Introduction by Croakey: The presidents of leading medical colleges have issued a joint statement calling on the Australian Parliament to maintain the Medevac legislation and the Independent Health Advice Panel (IHAP) process.
They say the Medevac legislation has improved access to appropriate healthcare for refugees and asylum seekers being held offshore, and that “previous delays and failures to transfer ill asylum seekers resulted in preventable suffering”.
One of the signatories is the Royal Australian and New Zealand College of Obstetricians and Gynaecologists (RANZCOG), which is planning to step up its advocacy on the wider determinants of health more generally, as will be discussed at its annual scientific meeting in Melbourne this week.
Amy Coopes previews some of the conference discussions below, ranging from efforts to reduce stillbirth to the impact of clinicians’ mental health upon the safety and quality of healthcare.
Also, make sure to follow #RANZCOG19 this week for live-tweeting from the conference, and see a selection of tweets at the end of the article below, including from cultural safety and other workshops held ahead of the conference.
Amy Coopes writes:
As the peak body of experts in Australia and New Zealand for women’s health, it is time for the Royal Australian and New Zealand College of Obstetricians and Gynaecologists (RANZCOG) to speak up on the social and cultural determinants of wellbeing for women, an annual trans-Tasman summit of the specialty will hear in Melbourne this week.
The RANZCOG, the training and accreditation body for specialists in women’s health, should also be a leading voice on systemic issues including gender equity and access to care, its annual scientific meeting will be told.
The mental health of trainees, political pledges on pelvic pain and stillbirth, and women’s reproductive rights following the recent decriminalisation debate in NSW are some of the other headline topics to feature at the meeting.
Themed ‘Stop. Start. Continue’, the meeting will bring together more than 1,000 obstetricians and gynaecologists from the two countries to explore the latest advances in the field, and reflect on future directions for the College, which has been buffeted in recent years by the controversy surrounding use of pelvic mesh.
The mesh issue featured prominently in last year’s program (read our coverage here), and ASM convenor Associate Professor Joanne Said said this year’s theme aimed to take the discussion forward, asking delegates to stop and reflect on their professional practices, think about what needed to continue or cease, and start some difficult conversations.
“Mesh was something that was introduced, and I guess one of the good things was that a degree of ongoing surveillance identified problems,” Said told Croakey ahead of the ASM, which gets underway in Melbourne on Monday.
“That’s an obvious example where the recognition of harms made it easy to take that decision to stop, whereas sometimes it’s a lot more subtle than that. There are therapies that we introduce because we think they’re good and we think they’re evidence-based but actually you realise there is not a strong evidence base for them and over time they may not be doing any harm, but they’re not actually doing any good.”
International keynote speaker Dr Ranee Thakar, president of the International Urogynaecological Association and a subspecialist in urogynaecology at London’s Croydon University Hospital, will present on the lessons from mesh as part of a plenary on pelvic pain which will focus on endometriosis, singled out as a new priority area for research by the Federal Government last year.
Stillbirth will also feature prominently on the program, with a dedicated plenary session on Tuesday afternoon timed to coincide with the launch in Canberra by Health Minister Greg Hunt of the Safer Baby Bundle, a suite of eLearning resources to be rolled out nationwide following a $3 million grant from the Medical Research Future Fund.
Six babies are stillborn in Australia every day, a rate significantly higher than comparable countries, and last year’s Senate Inquiry made a suite of recommendations aimed at reducing rates by 20 percent over the next three years, through targeting gaps between evidence and practice.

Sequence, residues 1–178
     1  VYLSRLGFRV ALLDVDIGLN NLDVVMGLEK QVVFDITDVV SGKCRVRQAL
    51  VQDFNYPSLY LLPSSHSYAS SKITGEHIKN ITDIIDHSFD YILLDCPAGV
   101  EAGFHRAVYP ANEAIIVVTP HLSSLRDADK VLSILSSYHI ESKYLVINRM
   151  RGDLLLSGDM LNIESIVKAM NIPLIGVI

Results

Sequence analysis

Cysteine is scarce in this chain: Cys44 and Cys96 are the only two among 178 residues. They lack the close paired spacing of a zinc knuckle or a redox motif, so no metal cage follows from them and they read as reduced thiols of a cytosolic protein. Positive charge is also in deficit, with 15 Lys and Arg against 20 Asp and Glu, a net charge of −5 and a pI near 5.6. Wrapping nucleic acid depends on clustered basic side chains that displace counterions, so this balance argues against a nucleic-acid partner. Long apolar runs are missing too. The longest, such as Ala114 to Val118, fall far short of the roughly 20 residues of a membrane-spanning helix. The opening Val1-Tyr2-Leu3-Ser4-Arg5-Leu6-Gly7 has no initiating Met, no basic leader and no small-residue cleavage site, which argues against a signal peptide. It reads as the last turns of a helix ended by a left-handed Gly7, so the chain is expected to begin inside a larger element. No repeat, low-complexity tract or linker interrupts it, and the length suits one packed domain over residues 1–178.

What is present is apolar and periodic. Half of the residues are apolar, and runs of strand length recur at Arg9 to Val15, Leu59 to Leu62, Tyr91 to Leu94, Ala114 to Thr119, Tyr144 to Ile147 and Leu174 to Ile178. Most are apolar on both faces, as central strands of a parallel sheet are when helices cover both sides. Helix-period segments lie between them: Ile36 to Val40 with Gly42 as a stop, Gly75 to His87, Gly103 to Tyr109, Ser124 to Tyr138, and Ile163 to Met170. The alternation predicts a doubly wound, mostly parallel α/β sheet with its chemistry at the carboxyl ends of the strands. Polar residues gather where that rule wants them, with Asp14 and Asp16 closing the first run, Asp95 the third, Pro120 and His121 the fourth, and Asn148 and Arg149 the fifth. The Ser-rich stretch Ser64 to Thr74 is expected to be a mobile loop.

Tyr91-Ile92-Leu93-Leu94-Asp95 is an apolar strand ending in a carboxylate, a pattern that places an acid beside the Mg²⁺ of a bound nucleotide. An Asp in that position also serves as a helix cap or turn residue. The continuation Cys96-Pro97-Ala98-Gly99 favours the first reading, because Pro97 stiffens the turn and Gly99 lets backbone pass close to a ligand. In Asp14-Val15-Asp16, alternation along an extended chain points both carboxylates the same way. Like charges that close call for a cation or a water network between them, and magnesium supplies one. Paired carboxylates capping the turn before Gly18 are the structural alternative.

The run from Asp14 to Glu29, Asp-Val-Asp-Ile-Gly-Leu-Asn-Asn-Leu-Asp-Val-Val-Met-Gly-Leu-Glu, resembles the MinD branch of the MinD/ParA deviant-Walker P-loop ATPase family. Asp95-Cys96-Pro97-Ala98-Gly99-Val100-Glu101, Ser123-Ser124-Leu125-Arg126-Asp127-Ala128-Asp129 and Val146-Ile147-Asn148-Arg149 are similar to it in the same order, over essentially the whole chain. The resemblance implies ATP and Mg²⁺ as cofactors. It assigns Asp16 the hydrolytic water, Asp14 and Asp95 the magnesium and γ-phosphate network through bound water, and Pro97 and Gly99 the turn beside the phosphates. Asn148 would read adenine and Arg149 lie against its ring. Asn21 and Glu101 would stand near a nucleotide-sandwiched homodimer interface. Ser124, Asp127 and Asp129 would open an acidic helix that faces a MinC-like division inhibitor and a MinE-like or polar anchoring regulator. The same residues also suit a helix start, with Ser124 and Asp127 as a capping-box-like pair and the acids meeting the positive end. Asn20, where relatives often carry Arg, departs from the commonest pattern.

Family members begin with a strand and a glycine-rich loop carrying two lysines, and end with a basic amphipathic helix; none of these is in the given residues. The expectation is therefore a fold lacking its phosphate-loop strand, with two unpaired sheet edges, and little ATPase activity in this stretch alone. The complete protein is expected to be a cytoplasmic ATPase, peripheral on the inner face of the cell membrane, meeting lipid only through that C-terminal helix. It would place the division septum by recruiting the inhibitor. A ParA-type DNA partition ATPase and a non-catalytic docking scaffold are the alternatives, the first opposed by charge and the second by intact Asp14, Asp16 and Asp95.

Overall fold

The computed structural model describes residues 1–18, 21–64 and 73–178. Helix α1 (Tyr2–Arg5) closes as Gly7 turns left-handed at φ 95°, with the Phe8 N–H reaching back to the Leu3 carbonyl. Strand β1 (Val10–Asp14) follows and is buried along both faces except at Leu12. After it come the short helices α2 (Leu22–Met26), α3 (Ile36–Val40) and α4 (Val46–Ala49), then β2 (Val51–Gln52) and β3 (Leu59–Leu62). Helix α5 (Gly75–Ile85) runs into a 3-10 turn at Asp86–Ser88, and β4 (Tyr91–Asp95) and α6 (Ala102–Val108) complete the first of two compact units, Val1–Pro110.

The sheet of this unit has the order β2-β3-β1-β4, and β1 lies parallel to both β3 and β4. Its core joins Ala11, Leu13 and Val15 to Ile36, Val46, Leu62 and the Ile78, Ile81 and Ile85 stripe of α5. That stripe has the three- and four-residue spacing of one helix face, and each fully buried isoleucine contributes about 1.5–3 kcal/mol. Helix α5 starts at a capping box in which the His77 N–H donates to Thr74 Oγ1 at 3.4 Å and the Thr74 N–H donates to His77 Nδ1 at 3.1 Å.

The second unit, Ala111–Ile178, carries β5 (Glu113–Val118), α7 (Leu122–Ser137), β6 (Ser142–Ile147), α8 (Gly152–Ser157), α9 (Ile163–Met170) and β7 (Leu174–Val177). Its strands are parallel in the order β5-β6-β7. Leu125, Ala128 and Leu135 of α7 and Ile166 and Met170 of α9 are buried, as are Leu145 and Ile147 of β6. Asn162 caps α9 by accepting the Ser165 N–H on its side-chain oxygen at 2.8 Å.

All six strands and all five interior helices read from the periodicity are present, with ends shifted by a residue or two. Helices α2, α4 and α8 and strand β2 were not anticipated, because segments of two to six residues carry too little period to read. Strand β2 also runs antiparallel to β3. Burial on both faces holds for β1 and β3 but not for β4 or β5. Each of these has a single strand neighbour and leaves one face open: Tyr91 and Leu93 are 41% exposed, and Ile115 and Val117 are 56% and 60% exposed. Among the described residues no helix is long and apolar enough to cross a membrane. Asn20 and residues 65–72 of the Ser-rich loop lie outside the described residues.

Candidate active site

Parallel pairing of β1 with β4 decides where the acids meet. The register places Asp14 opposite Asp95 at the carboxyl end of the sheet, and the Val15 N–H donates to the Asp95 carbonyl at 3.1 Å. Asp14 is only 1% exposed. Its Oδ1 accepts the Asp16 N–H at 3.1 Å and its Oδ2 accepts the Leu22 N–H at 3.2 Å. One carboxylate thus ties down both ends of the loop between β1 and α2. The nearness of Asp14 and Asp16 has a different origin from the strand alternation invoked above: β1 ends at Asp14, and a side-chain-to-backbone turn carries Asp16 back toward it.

The Safer Baby Bundle, which was launched in Victoria earlier this year, comprises five main pillars:
- Foetal growth restriction
- Smoking cessation
- Maternal sleeping position
- Foetal movement awareness
- Timing of delivery for women at risk.
The national launch, at Parliament House in Canberra on Tuesday, will be held on International Pregnancy and Infant Loss Remembrance Day, marked annually on October 15.
RANZCOG has stepped up its public profile in recent years, and though this was partly necessitated by the mesh issue, President Dr Vijay Roach said it also reflected a growing expectation from its members that the College be more outward-looking, and outspoken on issues affecting women’s health.
“We are the peak body in women’s health in Australia and New Zealand, and therefore we should be at the forefront of advocacy in issues such as gender equity, as well as social and cultural determinants of health,” Roach told Croakey. “We recognise that there is a growing appetite from our members for a voice in social and political issues as well.”
RANZCOG recently spoke out on the Djab Wurrung birthing trees, saying their cultural and spiritual significance meant protecting them had “immediate relevance to our work in women’s health.”
The College has not historically been outspoken on such issues, but Roach said the profile of RANZCOG’s membership was changing, and that trainees and fellows were more engaged and expected the College to be more representative.
“I think that we are an important voice, we represent women’s health – 2,000 fellows 2,000 diplomates, 1,000 trainees, two countries – and what we can lend to the discussion is our experience and our knowledge,” said Roach, nominating RANZCOG’s contributions to the recent abortion decriminalisation debate in NSW as a clear example.
“The College had a very important role to play in advocating for women, and in being very clear about what abortion law reform actually meant, because that’s what we do.”
Dr Paddy Moore, who was vocal during the debate, will present on abortion and equity of access at the ASM on Wednesday morning.
If RANZCOG was serious about improving the health of Aboriginal and Torres Strait Islander and Maori women, Roach said “we also need to be involved in discussions that are relevant to Indigenous people beyond just clinical medicine.”
“Cultural history and experience is a significant determinant of health outcomes, not just in terms of access but also in terms of how the patient experiences their health, and how doctors then respond to those health needs,” he said.